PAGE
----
Lucid Dream Experiment #7

Friday August 27, 2004 @ 02:39 PM (UTC)

At the insistence of sister sledge and the instigation of brother wonko, I am posting another attempt at lucid dreaming.

The night’s dreams did not get a scintillating start, as I first dreamt my co-workers and I were having a competition to see who was best at using the new photocopier. At some point in the wee sma’s, however, things got interesting.

I found myself in a clearing in a South American rain forest, outside some sturdy temporary housing built for a scientific expedition of which I was a member. Three of us stood about in the clearing, discussing our latest discovery: me, my brother (Nope, I don’t have a brother. Good catch!), and some incarnation of Joxer, the bumbling good-natured Ted Raimi character from Xena. Whatever we’d discovered, it was pretty neat, so we piled into the expedition’s airplane to carry the news to the outside world.

This airplane was bright yellow, along the lines of a biplane, but terribly small. The pilot had his own cockpit, but there was one long cockpit that seemed much like a burlap sack into which the rest of us had to fit. Whether burdened by the excess people or by the conventional reluctance of things that should fly to do so in my dreams, the little toy biplane simply would not take off. We taxied ’round and ’round, until finally we heard that a terribly dangerous gang of bikers (Yes, bikers in a jungle. Your point?) was on its way to pillage and destroy indiscriminately.

Suddenly, taking off seemed a little more crucial than it had when only Science had been at stake! We taxied around a bit more, and managed at last to gain the air. We were rising, rising, out of the clearing and high into the air. The bikers roared into the clearing below, and just as we were about to be lost to their sight above the trees, the plane blew up.

Luckily, we all seemed to have rainbow guidable parachutes for just such an eventuality, and were tethered together. In fact, my companions seemed so unconcerned I concluded the plane had been meant to explode all along. We glided along towards the river, and the bikers changed course to intercept us.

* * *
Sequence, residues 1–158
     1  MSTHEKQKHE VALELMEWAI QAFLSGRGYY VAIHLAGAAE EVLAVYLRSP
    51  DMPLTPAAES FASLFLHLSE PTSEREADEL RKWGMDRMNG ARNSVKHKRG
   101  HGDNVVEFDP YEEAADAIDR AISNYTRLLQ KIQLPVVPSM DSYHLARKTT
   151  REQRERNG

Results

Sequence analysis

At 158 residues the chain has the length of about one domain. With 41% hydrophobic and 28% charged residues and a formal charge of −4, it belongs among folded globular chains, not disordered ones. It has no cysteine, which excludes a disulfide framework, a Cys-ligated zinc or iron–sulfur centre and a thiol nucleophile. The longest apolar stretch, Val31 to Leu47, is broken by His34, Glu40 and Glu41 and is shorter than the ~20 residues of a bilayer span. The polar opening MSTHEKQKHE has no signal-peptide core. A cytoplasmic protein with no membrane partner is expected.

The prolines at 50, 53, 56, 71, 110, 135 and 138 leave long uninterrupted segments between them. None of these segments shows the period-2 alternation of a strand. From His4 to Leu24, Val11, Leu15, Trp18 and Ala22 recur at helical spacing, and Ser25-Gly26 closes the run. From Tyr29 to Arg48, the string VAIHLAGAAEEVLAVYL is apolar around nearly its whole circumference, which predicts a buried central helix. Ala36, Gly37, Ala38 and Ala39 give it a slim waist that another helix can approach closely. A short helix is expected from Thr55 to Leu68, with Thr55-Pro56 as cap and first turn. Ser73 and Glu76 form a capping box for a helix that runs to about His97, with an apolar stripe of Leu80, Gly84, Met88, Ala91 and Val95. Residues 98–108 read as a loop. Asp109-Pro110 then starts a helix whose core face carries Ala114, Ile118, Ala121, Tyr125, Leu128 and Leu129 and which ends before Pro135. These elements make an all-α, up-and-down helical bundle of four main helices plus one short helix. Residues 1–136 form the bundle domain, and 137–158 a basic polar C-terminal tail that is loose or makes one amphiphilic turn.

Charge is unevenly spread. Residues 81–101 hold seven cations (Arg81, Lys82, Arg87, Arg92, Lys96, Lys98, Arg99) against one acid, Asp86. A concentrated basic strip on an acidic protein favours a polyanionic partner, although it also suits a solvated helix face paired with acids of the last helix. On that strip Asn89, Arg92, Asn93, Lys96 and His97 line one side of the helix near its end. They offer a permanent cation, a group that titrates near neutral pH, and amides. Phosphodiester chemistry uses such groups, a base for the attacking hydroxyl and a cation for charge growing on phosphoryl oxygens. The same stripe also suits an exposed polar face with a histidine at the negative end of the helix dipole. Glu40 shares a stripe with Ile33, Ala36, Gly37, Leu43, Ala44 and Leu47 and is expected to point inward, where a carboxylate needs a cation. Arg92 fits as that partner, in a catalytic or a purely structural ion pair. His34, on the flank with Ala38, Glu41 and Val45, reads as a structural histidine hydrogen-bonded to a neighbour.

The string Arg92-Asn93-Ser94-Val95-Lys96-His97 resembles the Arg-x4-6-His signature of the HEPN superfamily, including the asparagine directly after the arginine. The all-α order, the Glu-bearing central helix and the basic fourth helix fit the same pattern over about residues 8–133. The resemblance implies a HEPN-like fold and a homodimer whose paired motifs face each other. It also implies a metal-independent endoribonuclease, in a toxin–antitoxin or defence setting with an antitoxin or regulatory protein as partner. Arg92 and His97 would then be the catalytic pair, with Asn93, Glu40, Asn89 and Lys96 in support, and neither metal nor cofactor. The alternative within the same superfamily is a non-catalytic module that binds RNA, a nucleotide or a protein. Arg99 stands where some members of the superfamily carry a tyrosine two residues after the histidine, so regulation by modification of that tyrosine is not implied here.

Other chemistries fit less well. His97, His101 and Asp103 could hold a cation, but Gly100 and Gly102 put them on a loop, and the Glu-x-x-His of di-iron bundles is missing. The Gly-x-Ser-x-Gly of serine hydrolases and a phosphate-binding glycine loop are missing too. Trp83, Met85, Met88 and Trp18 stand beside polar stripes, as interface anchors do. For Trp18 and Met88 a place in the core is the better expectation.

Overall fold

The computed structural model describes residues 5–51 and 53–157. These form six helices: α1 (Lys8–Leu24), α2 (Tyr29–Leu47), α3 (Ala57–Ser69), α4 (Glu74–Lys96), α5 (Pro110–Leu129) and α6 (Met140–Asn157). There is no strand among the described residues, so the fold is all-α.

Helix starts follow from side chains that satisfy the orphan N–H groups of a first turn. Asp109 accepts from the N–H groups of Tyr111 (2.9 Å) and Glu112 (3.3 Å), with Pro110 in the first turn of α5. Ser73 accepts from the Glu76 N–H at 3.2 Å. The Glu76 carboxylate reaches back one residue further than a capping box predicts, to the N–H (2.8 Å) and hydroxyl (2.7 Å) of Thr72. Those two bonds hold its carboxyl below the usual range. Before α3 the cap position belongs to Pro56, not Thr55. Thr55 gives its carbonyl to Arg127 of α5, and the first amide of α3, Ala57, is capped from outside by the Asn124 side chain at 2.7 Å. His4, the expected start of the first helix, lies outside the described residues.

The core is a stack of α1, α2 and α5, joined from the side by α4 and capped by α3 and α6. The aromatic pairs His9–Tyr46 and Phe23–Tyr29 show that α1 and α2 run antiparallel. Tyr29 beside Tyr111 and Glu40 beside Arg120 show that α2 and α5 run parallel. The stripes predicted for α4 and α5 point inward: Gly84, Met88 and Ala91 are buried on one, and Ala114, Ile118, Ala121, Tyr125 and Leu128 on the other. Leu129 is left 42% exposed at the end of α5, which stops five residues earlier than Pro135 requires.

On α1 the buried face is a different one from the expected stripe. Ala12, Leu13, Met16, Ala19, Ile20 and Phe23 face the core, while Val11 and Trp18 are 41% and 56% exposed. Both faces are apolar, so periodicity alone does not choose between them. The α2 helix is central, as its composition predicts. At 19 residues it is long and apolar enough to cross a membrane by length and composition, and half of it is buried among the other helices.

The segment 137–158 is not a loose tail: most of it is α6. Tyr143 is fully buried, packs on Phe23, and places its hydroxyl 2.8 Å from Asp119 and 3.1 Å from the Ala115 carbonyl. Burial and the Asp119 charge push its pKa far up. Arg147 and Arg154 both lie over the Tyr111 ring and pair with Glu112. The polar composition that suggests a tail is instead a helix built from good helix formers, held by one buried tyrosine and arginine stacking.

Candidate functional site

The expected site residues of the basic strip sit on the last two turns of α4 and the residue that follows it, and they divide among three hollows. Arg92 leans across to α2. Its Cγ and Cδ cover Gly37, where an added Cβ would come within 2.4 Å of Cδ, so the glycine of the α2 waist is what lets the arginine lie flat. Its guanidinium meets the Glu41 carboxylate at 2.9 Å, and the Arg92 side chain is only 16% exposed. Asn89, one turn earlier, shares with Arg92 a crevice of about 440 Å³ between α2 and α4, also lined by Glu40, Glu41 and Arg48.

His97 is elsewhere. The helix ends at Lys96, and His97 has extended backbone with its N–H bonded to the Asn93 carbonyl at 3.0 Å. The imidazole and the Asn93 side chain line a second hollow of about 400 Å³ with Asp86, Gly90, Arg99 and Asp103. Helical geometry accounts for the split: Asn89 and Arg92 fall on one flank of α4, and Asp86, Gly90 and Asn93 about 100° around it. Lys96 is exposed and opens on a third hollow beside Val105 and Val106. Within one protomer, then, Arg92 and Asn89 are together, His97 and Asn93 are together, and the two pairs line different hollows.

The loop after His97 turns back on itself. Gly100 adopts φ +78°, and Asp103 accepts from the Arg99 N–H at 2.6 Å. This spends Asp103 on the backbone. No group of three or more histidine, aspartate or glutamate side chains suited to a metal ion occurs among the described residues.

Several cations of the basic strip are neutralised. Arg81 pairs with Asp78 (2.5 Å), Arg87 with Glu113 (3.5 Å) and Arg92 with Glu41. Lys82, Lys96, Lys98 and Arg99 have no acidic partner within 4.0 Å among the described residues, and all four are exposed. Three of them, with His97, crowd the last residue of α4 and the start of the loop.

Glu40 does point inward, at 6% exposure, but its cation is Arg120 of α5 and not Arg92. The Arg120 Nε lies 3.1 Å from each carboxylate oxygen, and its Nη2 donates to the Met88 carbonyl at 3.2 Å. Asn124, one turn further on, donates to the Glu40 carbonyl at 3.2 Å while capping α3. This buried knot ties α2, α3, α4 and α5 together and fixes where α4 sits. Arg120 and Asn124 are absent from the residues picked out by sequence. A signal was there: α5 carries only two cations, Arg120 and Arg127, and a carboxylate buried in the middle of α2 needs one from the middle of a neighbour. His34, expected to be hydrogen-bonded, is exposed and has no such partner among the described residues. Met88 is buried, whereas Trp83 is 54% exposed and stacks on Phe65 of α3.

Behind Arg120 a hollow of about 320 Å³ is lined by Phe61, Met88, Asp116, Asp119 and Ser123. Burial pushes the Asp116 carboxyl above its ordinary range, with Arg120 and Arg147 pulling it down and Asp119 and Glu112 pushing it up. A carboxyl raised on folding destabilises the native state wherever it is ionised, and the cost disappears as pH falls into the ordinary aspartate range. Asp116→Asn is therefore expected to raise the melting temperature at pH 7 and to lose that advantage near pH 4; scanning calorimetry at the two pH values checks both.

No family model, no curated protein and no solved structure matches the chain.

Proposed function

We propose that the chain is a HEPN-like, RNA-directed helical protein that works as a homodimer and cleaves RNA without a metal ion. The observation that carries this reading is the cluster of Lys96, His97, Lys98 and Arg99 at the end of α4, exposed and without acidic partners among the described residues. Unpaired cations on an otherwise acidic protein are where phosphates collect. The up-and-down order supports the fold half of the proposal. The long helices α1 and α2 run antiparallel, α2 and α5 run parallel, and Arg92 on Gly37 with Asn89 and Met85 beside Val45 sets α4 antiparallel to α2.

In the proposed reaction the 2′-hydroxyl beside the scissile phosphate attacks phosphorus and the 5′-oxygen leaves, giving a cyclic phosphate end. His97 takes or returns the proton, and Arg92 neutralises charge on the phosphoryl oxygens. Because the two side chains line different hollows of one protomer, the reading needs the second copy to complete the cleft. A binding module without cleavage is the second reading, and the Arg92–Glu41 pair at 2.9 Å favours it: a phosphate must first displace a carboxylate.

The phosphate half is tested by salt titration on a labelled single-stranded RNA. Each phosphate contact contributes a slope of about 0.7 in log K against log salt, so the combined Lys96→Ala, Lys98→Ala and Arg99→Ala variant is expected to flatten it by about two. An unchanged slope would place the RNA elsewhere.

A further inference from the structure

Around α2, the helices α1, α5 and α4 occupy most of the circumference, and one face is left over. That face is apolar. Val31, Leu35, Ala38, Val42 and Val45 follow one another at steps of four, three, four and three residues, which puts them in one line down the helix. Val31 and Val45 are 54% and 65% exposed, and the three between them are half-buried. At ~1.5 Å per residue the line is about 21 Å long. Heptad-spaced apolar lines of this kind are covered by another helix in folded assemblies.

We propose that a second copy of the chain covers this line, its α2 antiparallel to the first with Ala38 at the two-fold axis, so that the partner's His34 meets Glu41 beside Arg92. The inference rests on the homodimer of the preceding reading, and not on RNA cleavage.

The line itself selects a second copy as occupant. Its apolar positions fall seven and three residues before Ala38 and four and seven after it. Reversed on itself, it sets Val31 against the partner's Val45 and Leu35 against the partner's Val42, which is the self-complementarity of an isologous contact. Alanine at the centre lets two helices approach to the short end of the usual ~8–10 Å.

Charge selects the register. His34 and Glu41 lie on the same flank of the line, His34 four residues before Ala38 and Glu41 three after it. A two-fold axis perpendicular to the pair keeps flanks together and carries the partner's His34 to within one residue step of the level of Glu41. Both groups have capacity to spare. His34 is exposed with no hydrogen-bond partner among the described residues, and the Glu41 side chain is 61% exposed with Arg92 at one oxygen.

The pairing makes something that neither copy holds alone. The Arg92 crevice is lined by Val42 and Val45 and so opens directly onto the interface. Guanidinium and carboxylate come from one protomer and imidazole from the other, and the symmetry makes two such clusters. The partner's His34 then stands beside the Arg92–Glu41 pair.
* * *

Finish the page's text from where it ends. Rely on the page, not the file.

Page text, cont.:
We landed without event on an old wrecked riverboat mired at an angle in the mud. A number of vague acquaintances of ours were there, seeking a hiding place from the bikers. They were friendly enough, but very impractical, as their wearing black suits in the jungle attested, and while they had handguns, they seemed to know little about them, and kept pointing them at friendly people, including myself.

The bikers appeared, lining up between us and the sheltering jungles, their laughter as deep and menacing as their engine sounds. I really don’t want to die like this, I thought. Piffle, you won’t! I replied, Do you REALLY think this is happening?

Well, when I put it like that — I hazily grasped that this was a dream, and, as if in automatic response to the realization, I raised one fist and blasted up through the roof, flying swiftly and surely into the air. (Much easier than usual!)

Suddenly, as I paused in midair above the boat, two things happened. The dream started trying to take control back, and I decided I had to rescue my friends. My lucidity began to fade, but the dream came up against the thorny problem of having a heroine flying confidently above the banks of the Amazon. So the dream settled the matter at once, and suddenly I was blonde and wearing a suspiciously familiar red and blue costume with a distinctive golden ‘S’ shield on the chest. I swooped back through the hole I’d made in the roof and rejoined my friends.

My brother looked at me, and I realized with a bit of a shock that my brother was Joss Whedon. He didn’t seem at all surprised that I was Supergirl — but, of course, supplied the dream, I had saved his life a bazillion times, of course he knew. He had only saved my life once, when we were kids, from a vampire — and he’d created an entire television franchise about a blonde superpowered girl who can kill vampires without her brother’s help just to needle me.

With a grin at my pesky kid brother, I zoomed out of the wreck and started laying waste to the biker gang with casual ease and flying super-strong fists.

Then I woke up. It was a good dream.


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